Sanskrit – The Language of Yoga

If you have ever been interested in Yoga or are an active participant, you have been exposed to this ancient sacred language.  Literally; “refined speech,” Sanskrit represents one of the oldest of the Indo-European languages – with the pre-classical Sanskrit of the RigVeda and other ancient texts dating back roughly 4500 years to 5500 years ago.  Considered the ‘cultured’ language, Sanskrit is still used today and is one of the twenty-two official languages of India.

Scholars often distinguish Vedic Sanskrit and Classical Sanskrit as separate dialects. Though they are quite similar, they differ in a number of essential points of phonology, vocabulary, grammar and syntax. Vedic Sanskrit is the language of the Vedas, a large collection of hymns, Samhitas, theological, and philosophical discussions in the Brahmanas and Upanishads. Modern linguists consider the metrical hymns of the RigVeda Samhita to be the earliest; composed by many authors over several centuries of oral tradition. The end of the Vedic period is marked by the composition of the Upanishads, which form the concluding part of the Vedic body of work in the traditional view; however the early Sutras are Vedic too, both in language and content…Around the mid first millennium BCE, Vedic Sanskrit began the transition from a first language to a second language of religion and academia.

Why learn Sanskrit?

I can still remember my first exposure to Sanskrit years ago in India where I attended my very first Yoga class. “Mumble-mumble-asana,” What?  I looked around and tried to mimic the rest of the students who instantly assumed the correct posture.  The Yoga was confusing enough that first day without the language difficulties to boot.  In my usual bull-headed fashion, I dropped all interest in the original Sanskrit terms and focused on the postures instead.  Years later, I realized that my stubbornness was causing me to miss out on an important benefit of traditional Yoga and its use of Sanskrit.

Rick Briggs, a NASA researcher once wrote this in regards to Sanskrit:

“In ancient India the intention to discover truth was so consuming, that in the process, they discovered perhaps the most perfect tool for fulfilling such a search that the world has ever known — the Sanskrit language. There is at least one language, Sanskrit, which for the duration of almost 1000 years was a living spoken language with a considerable literature of its own. Besides works of literary value, there was a long philosophical and grammatical tradition that has continued to exist with undiminished vigor until the present century. Among the accomplishments of the grammarians can be reckoned a method for paraphrasing Sanskrit in a manner that is identical not only in essence but in form with current work in Artificial Intelligence. This article demonstrates that a natural language can serve as an artificial language also, and that much work in AI has been reinventing a millennia old wheel.  The discovery is of monumental significance. It is mind-boggling to consider that we have available to us a language which has been spoken for 4-7000 years that appears to be in every respect a perfect language designed for enlightened communication.”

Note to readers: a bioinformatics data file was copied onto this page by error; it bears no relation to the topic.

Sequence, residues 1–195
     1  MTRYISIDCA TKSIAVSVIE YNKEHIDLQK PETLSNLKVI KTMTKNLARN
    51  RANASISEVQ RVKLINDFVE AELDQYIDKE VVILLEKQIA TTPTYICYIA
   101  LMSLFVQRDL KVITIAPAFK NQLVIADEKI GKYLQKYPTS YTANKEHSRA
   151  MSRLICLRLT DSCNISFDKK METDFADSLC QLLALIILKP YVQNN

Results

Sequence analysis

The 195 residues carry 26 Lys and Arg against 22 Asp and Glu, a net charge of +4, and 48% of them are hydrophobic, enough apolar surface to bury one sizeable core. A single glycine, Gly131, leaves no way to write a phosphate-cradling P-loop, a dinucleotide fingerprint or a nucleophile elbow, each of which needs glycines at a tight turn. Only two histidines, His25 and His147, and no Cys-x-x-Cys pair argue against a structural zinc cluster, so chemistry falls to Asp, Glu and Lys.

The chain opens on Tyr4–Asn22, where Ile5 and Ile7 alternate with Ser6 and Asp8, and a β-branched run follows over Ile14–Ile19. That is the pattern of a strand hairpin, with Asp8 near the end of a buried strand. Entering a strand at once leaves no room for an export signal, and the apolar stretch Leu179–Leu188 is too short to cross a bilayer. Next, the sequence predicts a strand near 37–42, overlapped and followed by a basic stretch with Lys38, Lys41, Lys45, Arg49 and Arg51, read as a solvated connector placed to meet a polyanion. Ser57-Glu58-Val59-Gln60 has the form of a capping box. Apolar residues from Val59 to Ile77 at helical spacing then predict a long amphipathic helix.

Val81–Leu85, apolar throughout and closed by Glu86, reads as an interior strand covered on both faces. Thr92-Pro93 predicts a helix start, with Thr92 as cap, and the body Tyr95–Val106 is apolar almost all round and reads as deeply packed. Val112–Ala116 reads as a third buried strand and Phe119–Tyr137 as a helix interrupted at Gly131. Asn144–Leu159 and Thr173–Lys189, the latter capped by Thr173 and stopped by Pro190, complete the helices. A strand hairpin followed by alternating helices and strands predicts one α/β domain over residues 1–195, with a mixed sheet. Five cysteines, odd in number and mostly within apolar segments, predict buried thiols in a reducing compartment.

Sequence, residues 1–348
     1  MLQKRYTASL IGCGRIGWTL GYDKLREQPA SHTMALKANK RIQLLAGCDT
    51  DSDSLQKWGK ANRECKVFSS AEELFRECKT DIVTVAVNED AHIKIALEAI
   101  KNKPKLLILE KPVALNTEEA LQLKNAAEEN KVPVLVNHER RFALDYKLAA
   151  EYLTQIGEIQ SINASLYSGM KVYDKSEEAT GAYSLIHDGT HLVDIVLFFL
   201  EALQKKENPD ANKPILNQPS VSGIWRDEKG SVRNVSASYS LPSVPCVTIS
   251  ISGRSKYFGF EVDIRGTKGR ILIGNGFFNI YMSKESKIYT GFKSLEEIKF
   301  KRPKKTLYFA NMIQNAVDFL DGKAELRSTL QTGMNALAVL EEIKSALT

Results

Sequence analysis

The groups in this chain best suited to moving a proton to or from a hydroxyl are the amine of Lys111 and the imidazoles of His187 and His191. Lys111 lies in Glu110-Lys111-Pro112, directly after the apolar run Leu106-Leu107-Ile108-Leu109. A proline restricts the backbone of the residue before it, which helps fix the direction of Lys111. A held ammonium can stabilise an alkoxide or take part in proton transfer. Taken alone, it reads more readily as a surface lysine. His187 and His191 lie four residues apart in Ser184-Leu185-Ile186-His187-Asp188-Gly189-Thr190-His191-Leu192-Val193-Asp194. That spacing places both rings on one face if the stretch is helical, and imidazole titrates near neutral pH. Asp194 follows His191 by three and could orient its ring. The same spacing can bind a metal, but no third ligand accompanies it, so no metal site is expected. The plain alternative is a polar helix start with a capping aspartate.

A spiritual language rooted in science

“But the most stunning aspect of the discovery is this: NASA the most advanced research center in the world for cutting edge technology has discovered that Sanskrit, the world’s oldest spiritual language is the only unambiguous spoken language on the planet. Considering Sanskrit’s status as a spiritual language, a further implication of this discovery is that the age old dichotomy between religion and science is an entirely unjustified one.  It is also relevant to note that in the last decade physicists have begun to comment on the striking similarities between their own discoveries and the discoveries made thousands of years ago in India which went on to form the basis of most Eastern religions.”

When we learn the Sanskrit words and meanings as related to our Yoga, we are re-establishing a connection with the vibrations of millions upon millions of Yoga followers both past and present; as well as reconnecting ourselves to the ancient wisdom and spiritual knowledge that is contained within the vast works of Eastern history.  We are speaking the same words of Patanjali and so many others – carrying on (almost unconsciously) a profound history of inquiry into the natural and spiritual world which is rivaled by no other culture on our planet.  No other language in earth’s history has been designed to work with Creation and follow the resonances of the universe and Nature itself as with Sanskrit.  Truly, the more we learn of this language, the more direct wisdom and knowledge we are able to access.

Where to learn Sanskrit

For the purposes of Yoga alone, you have probably absorbed quite a few Sanskrit words and their definitions if you are a practitioner of a traditional Yoga form.  If you wish to improve your pronunciation and vocabulary, I have found a few free resources which are very helpful:

Sanskrit simplified pronunciation guide

http://www.selfdiscoveryportal.com/cmSanskritPron.htm

Online dictionary and utilities

http://sanskritdocuments.org/dict/

For those more serious about this ancient and spiritual language, you may download a complete course with lessons, tests and answers here:

Sanskrit Course

Namaste, my friends…

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